The Acadians refused to swear allegiance to the British crown. The British drove the Acadians, about 13 000 in total, from their homes in the Bay of Fundy separating families. They were forced onto ships and taken far away and spread out far away.
  • The Siege of Louisbourg.

    The Siege of Louisbourg.
    Major-General Jeffery Amherst and a senior officer, Brigadier-General James Wolfe, was in charge of the attack. The French were outnumbered and over powered by the English. The two remaining French warships were attacked and destroyed. The French surrendered.
  • Supply from France

    Supply from France
    The city was crowded with refugees. Montcalm requested 4000 soldiers but received only 400 sick and unruly soldiers from the King. Supplies were low so merchants were charging high prices. The supply ship only brought a third of what they had asked for.
  • General Wolfe to attack Quebec

    General Wolfe to attack Quebec
    King George asked General Wolfe to lead the attack against Quebec. He sailed down the St. Lawrence river with a fleet of almost 200 ships.
  • Siege of Quebec

    Siege of Quebec
    Wolfe landed 3000 soldiers within range of British cannon fire from the city. They bombarded the city. French soldiers fired from above killing a lot of British soldiers. Winter was coming.
  • The Plains of Abraham

    The Plains of Abraham
    Wolfe and his men climbed a steep cliff carrying cannons and weapons with them. They reached the top and gathered in an abandoned field previously owned by Abraham Martin. They caught the French by surprise. Montcalm marched his troops over to the field. They were poorly trained and the battle lasted but 15 minutes. Both Montcalm and Wolfe were killed in battle.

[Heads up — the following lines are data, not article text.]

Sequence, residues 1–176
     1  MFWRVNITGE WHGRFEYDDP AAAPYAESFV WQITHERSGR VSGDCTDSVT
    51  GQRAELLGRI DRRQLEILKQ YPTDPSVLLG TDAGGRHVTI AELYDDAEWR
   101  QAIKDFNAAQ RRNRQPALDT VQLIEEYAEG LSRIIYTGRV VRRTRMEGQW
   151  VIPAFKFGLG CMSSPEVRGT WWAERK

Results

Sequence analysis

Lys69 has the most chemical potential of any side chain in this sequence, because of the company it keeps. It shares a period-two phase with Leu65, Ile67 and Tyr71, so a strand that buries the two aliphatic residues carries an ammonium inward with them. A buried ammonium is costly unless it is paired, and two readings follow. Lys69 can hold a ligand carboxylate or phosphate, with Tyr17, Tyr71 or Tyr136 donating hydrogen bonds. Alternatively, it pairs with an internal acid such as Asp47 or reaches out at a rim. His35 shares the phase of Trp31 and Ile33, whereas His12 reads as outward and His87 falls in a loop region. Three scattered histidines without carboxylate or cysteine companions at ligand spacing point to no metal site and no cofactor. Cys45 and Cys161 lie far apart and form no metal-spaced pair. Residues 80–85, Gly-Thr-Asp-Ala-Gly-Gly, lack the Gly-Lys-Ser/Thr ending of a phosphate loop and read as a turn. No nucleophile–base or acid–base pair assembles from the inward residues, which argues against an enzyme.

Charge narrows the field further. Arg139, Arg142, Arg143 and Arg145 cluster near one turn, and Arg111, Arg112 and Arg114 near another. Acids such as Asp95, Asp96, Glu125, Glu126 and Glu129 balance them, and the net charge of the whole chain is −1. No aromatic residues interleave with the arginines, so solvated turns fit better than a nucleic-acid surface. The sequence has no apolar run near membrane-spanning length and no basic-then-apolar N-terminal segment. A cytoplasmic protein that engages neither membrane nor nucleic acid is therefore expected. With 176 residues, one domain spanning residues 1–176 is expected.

• The British flag raised in Canada the first time.

    The British flag raised in Canada the first time.
    After the French were defeated at the Plains of Abraham, the British flag was raised for the first time on top of Mountain street, Quebec Canada. Quebec was destroyed. Many seigneurs returned to France not willing to live under British rule.
  • Quebec surrenders

    Quebec surrenders
    The Marquis de Vaudreuil admitted defeat and signed The Articles of Capitulation. He also arranged conditions of Quebec's surrender. He succeeded in retaining the right to speak French, keep their land and keep their Catholic faith. These were three very important rights. The Canadian militia was forced to break up, many seigneurs returned to France. About 500 French soldiers stayed to live with their Canadian wives. The British left about 3000 men to maintain order.
  • The Treaty of Paris

    The Treaty of Paris
    The Seven Years' War from 1756-1763 ended with the signing of The Treaty of Paris. The Duke of Choiseul represented France, William Pitt represented Britain and no one spoke for the First Nations. It took two years for them to come to an agreement. France chose to keep the sugar-rich island of Guadeloupe instead of Canada. They also kept the islands of St. Pierre and Miquelon in the Gulf of St. Lawrence to continue fishing of the Atlantic coast.
  • Proclamation of 1763

    Proclamation of 1763
    King George III issued an order stating that colonist could not settle lands west of the Appalachian mountains. This would belong to the Native aboriginal peoples and all settlers were ordered to leave the area.